We have written multiple blog posts regarding the California Statewide Task Force on Special Education’s report entitled “One System: Reforming Education to Serve all Students.” This report recommends significant reform of the special education system in The Golden State. One of the reforms that the report recommends involves teacher training.
It is vitally important that teachers who interact with students with special educational needs are properly trained. Gaps and inconsistencies in teacher training can leave students with special educational needs vulnerable to approaches which may harm them physically, emotionally and/or academically.
Certainly, most teachers aim to do their best for their students. However, gaps and inconsistencies in teacher training can leave teachers wondering what their “best” should look like in certain compromising situations.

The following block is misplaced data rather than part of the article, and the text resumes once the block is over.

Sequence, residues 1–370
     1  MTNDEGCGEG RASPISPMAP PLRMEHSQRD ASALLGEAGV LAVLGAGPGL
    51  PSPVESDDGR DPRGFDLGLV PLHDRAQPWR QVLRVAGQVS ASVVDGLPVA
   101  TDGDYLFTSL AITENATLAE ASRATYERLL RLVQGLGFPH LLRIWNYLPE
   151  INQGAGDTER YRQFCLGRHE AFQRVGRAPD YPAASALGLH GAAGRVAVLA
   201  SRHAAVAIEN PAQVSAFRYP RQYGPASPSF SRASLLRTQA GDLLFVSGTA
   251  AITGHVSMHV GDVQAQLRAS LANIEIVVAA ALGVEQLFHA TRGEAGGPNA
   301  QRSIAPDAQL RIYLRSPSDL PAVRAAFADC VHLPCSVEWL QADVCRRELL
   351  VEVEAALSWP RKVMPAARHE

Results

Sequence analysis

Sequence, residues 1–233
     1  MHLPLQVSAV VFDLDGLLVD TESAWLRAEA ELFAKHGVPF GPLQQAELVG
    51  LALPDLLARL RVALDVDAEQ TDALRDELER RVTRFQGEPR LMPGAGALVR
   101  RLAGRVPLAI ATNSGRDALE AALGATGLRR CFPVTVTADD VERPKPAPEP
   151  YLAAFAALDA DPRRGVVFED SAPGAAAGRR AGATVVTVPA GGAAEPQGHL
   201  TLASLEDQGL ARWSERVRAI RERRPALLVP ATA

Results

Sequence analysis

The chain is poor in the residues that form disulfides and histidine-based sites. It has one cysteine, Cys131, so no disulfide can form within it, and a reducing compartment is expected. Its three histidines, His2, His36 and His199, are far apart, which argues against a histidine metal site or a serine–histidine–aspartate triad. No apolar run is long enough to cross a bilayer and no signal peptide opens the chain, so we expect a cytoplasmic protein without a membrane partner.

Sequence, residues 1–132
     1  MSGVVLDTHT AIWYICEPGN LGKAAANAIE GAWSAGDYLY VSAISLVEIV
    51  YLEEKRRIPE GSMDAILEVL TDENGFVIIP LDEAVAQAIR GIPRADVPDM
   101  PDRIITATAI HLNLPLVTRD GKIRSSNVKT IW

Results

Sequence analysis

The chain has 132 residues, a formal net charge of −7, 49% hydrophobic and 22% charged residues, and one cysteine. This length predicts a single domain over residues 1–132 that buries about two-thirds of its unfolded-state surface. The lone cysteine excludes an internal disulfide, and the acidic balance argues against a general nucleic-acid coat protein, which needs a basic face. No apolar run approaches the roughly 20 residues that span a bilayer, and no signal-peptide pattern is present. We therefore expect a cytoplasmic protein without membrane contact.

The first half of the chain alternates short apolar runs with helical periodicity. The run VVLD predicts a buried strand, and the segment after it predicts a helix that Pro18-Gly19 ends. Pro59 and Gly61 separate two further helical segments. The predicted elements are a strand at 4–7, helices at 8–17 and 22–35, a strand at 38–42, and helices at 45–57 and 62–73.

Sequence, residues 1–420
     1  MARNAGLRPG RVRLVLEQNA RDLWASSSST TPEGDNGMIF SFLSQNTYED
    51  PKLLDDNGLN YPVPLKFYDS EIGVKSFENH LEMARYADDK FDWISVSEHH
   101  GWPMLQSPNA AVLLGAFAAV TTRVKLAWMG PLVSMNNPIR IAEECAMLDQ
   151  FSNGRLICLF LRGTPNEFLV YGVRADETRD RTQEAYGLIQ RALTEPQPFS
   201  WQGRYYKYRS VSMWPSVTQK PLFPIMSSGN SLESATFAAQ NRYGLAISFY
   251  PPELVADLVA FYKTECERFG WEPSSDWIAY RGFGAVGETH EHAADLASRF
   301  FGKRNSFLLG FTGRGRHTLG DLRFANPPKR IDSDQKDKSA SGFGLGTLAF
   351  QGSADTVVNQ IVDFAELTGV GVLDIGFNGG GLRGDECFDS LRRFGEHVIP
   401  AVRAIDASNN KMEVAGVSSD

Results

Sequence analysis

For example, say that a student with behavioral challenges is attending class in a mainstream setting. Although this student generally behaves with respect and consideration, he or she becomes involved in a confrontation that threatens to become violent. A teacher who is not properly trained may find himself or herself wrestling this student to the floor, secluding the student in shame or pinning the student against the wall in front of his or her peers.
If your student has special educational needs and you are concerned that a gap or inconsistency in school policy or teacher training may be leaving your child dangerously vulnerable, please consider speaking with a lawyer experienced in educational law about your options. Also please understand that your student is generally protected under the law from both intentional and unintentional mistreatment.
Source: EdSource, “Inconsistent training leaves special education staff struggling,” Jane Meredith Adams and John C. Osborn, April 20, 2015